SEATTLE CENTER is not only home to the iconic Space Needle, but also the Seattle Children's Museum, the amazing Chihuly Garden and Glass where brightly colored glass sculptures mirror the outdoor landscape, the Pacific Science Center and the chance to ride the Seattle Center Monorail and more. What can be better than visiting a museum and then heading out to the park to play?
BALBOA PARK in San Diego is famous for its flowers, as well as the San Diego Zoo and the Marie Hitchcock Puppet Theater. There are 15 museums here so you can take your pick without leaving the park, including the Reuben H. Fleet Science Center with its terrific planetarium shows and the San Diego Model Railroad Museum where you can check out a new interactive garden exhibit. Come for a free Sunday concert -- The Spreckels Organ is the largest outdoor pipe organ in the world!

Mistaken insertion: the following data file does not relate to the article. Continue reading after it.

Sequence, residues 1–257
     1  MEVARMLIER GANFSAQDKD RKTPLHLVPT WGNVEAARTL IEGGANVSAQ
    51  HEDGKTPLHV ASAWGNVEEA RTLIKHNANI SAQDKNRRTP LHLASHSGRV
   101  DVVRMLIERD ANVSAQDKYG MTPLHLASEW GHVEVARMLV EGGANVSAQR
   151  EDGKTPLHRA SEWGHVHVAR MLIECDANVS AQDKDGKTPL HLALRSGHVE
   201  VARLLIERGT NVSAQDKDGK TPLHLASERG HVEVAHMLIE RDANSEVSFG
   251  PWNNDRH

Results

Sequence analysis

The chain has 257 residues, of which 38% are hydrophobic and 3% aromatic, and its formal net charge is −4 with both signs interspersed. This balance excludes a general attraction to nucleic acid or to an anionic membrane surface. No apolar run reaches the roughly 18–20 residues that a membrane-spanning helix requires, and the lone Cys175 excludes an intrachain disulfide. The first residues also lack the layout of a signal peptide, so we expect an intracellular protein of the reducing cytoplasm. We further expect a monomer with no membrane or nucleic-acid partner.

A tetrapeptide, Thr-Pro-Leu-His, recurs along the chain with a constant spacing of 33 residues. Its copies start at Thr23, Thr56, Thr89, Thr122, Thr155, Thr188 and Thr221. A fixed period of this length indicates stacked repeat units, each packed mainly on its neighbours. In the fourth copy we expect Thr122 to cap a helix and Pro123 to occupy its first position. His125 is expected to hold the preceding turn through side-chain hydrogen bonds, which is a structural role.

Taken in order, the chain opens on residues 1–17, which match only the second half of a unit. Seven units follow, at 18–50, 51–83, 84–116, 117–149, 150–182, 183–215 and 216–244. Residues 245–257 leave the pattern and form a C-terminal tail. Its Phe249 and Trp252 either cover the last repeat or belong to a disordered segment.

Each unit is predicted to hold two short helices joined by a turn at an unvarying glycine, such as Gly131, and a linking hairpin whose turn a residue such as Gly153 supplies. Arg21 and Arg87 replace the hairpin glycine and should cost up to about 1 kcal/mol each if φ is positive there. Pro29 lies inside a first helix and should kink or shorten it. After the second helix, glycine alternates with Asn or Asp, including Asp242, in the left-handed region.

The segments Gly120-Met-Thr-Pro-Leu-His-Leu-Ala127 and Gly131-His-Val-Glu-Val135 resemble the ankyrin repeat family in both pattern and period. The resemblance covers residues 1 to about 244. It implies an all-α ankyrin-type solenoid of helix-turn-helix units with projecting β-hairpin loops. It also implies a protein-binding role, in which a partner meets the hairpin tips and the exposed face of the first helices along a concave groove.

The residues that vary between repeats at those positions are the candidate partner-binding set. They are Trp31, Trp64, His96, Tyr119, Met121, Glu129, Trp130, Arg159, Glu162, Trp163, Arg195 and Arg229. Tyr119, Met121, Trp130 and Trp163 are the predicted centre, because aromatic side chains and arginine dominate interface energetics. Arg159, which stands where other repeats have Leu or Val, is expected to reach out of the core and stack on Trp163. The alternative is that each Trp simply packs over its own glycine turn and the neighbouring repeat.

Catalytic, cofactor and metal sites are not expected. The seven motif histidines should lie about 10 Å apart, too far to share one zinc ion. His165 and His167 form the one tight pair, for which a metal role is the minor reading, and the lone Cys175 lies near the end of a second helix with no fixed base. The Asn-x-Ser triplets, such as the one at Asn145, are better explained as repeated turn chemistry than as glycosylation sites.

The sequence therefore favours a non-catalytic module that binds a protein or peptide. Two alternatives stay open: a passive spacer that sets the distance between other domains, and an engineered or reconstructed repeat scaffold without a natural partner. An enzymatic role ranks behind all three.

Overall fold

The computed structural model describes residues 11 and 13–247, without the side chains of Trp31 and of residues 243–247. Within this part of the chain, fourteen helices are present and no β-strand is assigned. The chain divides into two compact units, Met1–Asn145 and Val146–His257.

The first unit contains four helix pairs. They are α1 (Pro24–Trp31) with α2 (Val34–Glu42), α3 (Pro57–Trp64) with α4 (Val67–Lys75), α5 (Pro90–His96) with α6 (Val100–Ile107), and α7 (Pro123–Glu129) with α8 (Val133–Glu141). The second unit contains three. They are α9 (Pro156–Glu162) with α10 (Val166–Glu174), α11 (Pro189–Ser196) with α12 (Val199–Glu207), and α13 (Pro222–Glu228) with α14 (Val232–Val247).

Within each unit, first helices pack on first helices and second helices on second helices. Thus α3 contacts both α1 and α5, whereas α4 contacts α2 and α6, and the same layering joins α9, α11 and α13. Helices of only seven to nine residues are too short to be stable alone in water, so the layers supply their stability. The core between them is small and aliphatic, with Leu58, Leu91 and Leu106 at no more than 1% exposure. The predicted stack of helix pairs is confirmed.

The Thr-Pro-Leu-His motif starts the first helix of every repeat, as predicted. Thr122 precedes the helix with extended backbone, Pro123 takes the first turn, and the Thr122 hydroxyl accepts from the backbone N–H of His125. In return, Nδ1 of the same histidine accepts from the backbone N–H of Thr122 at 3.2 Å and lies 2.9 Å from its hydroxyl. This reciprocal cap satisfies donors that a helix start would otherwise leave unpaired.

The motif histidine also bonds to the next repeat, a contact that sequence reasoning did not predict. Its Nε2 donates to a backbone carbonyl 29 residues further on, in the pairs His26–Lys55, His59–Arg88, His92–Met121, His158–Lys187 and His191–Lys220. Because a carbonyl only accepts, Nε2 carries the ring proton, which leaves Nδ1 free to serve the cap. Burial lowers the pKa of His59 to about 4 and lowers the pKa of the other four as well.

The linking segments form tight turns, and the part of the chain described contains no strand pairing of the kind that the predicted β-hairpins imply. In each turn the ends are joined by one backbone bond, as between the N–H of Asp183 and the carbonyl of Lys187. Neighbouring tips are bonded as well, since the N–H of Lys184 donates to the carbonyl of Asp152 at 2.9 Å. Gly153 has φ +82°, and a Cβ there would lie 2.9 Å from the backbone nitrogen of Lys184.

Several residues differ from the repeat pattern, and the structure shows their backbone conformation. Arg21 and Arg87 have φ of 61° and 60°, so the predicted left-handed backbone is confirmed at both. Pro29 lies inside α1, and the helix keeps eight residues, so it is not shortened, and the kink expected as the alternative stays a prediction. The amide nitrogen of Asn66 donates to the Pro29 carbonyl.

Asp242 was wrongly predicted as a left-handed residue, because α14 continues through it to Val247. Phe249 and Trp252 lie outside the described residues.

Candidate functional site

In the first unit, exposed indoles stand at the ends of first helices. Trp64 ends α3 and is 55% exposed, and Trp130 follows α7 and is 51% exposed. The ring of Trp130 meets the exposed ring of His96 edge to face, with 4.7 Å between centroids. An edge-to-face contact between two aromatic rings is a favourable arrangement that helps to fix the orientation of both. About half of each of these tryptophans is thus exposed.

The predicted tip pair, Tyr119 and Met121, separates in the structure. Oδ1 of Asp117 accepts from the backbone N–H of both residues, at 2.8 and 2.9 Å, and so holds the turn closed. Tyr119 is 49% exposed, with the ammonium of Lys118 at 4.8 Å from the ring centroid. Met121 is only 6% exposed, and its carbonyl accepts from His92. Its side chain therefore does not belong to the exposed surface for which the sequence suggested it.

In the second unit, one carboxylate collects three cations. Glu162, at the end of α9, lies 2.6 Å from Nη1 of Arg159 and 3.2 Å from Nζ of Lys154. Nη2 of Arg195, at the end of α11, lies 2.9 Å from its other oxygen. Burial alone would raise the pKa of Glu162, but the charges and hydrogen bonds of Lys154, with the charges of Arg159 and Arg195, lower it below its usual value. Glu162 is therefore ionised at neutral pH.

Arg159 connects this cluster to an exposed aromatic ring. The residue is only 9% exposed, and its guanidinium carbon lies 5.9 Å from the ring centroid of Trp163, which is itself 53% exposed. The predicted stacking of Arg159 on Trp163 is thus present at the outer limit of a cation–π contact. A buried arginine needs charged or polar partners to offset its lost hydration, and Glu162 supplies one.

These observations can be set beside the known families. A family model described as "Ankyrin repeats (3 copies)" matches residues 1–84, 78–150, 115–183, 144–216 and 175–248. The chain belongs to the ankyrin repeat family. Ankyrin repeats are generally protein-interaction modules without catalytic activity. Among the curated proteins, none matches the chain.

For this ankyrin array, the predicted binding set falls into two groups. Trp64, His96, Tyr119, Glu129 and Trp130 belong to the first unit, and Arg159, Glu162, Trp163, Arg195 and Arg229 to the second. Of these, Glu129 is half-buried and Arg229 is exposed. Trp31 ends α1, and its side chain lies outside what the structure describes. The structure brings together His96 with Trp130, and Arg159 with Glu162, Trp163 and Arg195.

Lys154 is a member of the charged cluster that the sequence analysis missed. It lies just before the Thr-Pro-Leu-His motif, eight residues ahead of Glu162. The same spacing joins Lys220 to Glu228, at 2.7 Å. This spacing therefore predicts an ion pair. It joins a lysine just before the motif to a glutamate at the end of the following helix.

The Boston Common was the nation's first public park, established in 1634, and from the beginning has been a stage for history. The Freedom Trail goes right through the Common. The Public Garden adjacent to the Common was the country's first public botanical garden and the place where generations of children have come in spring and summer to ride on the Swan Boats. During the summer, there's the Frog Pond spray pool at Boston Common and ice-skating in the winter. Don't miss the famous bronze statues in the garden based on Robert McCloskey's classic children's story "Make Way for Ducklings" -- the book famously tells the story of a pair of mallards that opt to raise their family on an island in the Public Garden's lagoon.
Don't forget your Frisbee!
(For more TakingtheKids, visit www.takingthekids.com and follow @TakingtheKids on Facebook, Twitter and Instagram. Check out Eileen's Kid’s Guide Series to major American Cities. The Third edition of the Kid's Guide to NYC has just been published.)
This article was written by Eileen Ogintz and Tribune Content Agency from Taking The Kids and was legally licensed through the NewsCred publisher network.